In Spite of Zimmerman Verdict, God is Still a God of Justice

Let me begin by stating my core beliefs on the Trayvon Martin killing and George Zimmerman trial:

1. I believe Trayvon Martin was racially profiled by George Zimmerman.

2. I believe Trayvon posed no real threat to anyone.

3. I believe Zimmerman was an overzealous neighborhood watch officer who wanted to make an example out of some unfortunate victim.

4. I believe the prosecution did a poor job of presenting its case.

5. I believe it was a gross miscarriage of justice that Zimmerman was not found guilty on any charges.

With that being said, The Zimmerman trial is not the first time the legal system has failed and will not be the last. However, this trial captivated the nation’s attention in a way that few others have in my lifetime. Maybe it was because Trayvon’s murder represented the fundamental plight facing the misunderstood young black male in this country. Sure he occasionally got into trouble just as any other normal 17-year old kid. He was in the process of serving a ten-day suspension (for drug residue found in his backpack) from school at the time of his death, but that hardly made him a danger to society. Trayvon was described by several friends and family members as respectable and quiet person. He participated in volunteer activities and dreamt of pursuing a career in aviation. The CNN article “Protesters declare ‘I am Trayvon Martin,’ but who was he?,” does a great job of painting a portrait of the easygoing young man Trayvon really was. He had every reason to believe the best days of his life were ahead of him. I’m sure he never envisioned his life ending the way it did.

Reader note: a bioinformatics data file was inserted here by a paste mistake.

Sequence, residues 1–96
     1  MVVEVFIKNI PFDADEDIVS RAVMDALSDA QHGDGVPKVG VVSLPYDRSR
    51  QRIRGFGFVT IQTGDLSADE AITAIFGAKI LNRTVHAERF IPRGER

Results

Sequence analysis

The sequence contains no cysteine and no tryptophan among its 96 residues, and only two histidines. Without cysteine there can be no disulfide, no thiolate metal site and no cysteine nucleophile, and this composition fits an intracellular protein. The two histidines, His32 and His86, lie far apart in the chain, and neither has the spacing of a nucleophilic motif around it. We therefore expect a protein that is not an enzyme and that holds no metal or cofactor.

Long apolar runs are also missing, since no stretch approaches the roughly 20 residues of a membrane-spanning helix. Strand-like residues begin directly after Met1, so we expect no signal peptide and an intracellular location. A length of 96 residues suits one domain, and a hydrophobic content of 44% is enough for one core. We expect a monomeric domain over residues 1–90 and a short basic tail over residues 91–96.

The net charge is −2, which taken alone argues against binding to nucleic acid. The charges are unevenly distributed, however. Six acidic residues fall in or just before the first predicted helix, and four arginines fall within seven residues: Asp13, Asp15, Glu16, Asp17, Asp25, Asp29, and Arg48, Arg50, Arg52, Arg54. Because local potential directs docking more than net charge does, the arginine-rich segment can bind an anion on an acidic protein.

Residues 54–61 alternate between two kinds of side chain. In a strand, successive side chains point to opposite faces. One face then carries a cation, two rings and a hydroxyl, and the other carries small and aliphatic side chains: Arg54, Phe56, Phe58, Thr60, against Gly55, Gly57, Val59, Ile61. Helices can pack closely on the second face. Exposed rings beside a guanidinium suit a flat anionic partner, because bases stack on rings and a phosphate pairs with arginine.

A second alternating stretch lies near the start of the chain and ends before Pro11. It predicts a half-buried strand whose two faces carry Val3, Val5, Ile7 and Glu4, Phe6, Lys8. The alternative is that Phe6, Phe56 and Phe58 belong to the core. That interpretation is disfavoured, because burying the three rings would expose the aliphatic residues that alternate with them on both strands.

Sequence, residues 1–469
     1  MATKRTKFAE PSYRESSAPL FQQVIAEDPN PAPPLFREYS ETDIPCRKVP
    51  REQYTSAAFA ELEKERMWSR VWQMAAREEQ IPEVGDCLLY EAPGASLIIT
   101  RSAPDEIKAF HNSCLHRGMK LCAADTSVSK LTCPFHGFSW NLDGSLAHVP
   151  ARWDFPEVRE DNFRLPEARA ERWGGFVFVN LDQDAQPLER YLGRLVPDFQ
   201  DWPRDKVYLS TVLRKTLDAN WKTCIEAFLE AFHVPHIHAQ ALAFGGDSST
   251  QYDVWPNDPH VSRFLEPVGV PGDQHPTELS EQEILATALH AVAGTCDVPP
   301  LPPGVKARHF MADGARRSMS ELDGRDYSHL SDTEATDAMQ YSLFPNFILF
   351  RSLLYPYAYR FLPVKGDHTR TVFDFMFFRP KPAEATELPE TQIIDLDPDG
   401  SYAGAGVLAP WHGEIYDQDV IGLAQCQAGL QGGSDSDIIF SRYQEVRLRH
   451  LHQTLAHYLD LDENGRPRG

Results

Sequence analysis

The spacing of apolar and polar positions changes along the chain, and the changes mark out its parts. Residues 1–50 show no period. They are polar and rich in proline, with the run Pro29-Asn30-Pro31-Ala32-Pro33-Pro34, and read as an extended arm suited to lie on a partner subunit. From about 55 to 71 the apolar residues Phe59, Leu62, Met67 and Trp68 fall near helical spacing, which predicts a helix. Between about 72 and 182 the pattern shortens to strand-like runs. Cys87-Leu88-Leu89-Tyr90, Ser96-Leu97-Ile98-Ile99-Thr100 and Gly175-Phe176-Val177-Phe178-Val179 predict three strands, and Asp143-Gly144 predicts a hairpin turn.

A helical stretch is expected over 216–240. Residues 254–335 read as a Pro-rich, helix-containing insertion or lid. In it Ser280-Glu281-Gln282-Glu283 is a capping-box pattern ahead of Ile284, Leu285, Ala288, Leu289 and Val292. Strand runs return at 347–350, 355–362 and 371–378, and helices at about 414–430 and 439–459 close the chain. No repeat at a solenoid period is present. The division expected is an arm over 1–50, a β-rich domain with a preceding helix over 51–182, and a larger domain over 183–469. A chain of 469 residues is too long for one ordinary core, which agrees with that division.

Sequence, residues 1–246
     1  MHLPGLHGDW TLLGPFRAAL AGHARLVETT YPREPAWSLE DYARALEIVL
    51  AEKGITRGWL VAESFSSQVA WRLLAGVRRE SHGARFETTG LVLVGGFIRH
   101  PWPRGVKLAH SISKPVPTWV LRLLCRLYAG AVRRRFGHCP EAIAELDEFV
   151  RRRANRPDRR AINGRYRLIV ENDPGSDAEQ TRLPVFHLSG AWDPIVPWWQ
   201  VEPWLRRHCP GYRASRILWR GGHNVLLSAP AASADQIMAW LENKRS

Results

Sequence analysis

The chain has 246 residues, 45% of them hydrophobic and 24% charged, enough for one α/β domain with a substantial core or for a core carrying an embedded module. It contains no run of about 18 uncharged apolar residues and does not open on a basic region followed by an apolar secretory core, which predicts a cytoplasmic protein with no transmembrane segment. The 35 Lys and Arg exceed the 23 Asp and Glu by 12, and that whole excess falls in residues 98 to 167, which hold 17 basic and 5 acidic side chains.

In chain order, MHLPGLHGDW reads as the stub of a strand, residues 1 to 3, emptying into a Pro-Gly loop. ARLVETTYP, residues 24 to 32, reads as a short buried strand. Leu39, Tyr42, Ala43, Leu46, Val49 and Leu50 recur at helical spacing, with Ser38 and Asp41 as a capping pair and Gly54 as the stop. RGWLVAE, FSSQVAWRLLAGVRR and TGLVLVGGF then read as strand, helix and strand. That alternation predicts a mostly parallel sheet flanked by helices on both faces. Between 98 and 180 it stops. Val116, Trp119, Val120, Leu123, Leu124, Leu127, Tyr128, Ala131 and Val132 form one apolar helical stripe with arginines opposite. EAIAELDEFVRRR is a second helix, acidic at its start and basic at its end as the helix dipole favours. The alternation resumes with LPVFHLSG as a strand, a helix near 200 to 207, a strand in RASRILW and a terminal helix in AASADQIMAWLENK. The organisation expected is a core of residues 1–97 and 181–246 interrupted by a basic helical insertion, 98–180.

On the surface it did not appear that justice was served. In addition, his family has to deal with the double whammy of losing their son, and seeing his killer walk free. I can’t imagine the pain they must be suffering.

In many ways the verdict fell in line with the increasing shift our legal system has taken in recent years. It seems as if the law has consistently fails the very ones it was designed to protect. Right has become wrong and wrong has become right. How else do you explain such a verdict?

It’s wholly understandable to be upset and confused by the outcome, but we should not question God’s authority. When voicing your opinion on the matter, don’t speak from a place of hatred. Instead, speak with a love for all people.